Scrolling through Moa’s Facebook, one of the things that struck me was the literal millions they spent on sponsorship over the years. Now sure, you’ve got to speculate to accumulate. But at the same time, the company posted years of multi-million dollar losses starting in 2012 right up until 2020. Moa losses were such an industry talking point that local satirical site Too Much too Beer wrote a piece about it. With the company losing millions annually for nearly a decade, it begs the question: Maybe you should’ve sponsored fewer yachts?

All this very expensive promotional work realistically was in service of one thing; our final prong of the business strategy: focusing on export and supermarket trade. Right from the get-go, Ross let it be known that he wanted Moa to be New Zealand’s foremost beer-brand internationally. In an interview with interest.co.nz, he said the following:

Every country has an iconic beer brand and we want Moa to occupy that space in the future. Right now there’s clearly a gap in the market for a beer like ours and we believe the combination our branding and our brewing technique to create a high quality product with a long shelf life are what sets us apart. So we think we have all the founding principles to create a really iconic international beer brand right here in NZ.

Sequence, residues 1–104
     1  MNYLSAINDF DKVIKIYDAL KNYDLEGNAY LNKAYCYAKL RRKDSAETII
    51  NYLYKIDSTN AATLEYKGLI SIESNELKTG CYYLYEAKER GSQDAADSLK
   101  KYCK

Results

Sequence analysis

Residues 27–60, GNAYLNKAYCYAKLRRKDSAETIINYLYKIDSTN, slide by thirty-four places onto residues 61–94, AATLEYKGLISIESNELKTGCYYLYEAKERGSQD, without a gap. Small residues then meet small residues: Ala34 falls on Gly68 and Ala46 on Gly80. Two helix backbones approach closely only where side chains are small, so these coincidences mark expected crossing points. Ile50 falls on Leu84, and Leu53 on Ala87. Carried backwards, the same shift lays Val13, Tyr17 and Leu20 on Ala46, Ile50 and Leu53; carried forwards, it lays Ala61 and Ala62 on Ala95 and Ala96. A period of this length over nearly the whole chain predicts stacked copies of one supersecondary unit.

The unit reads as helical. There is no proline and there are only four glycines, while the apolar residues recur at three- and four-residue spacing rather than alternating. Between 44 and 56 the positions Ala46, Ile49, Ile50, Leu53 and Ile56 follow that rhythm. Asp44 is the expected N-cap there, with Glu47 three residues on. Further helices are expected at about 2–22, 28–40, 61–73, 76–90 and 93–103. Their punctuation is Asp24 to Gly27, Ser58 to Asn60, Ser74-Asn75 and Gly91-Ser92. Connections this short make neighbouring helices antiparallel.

While we do want broad consumer recognition domestically I would prefer to achieve the sort of success and positioning that Cloudy Bay has gained for itself where around 80% of its product is exported but it is also highly regarded domestically. So in an ideal world we want Moa to become the Cloudy Bay of craft beer.

Source.

Ross wanted Moa to not just recognised, but the most iconic beer in New Zealand. That means one thing: unseating Steinlager, something acknowledged in the same interview:

“While Steinlager has achieved some good success previously, there’s always been the problem with the German name and their primary focus has been principally on the domestic and Australian markets. For us it’s the reverse. We see the US & UK as our primary markets because that’s where the growth will come from while simultaneously retaining a strong focus on our domestic market here.”

So while Steinlager may have once conceived that catchy positioning line “… they’re drinking our beer here” the phrase might be more appropriately attributed to Moa in the future if those backing its high profile listing have their way.

Source as above.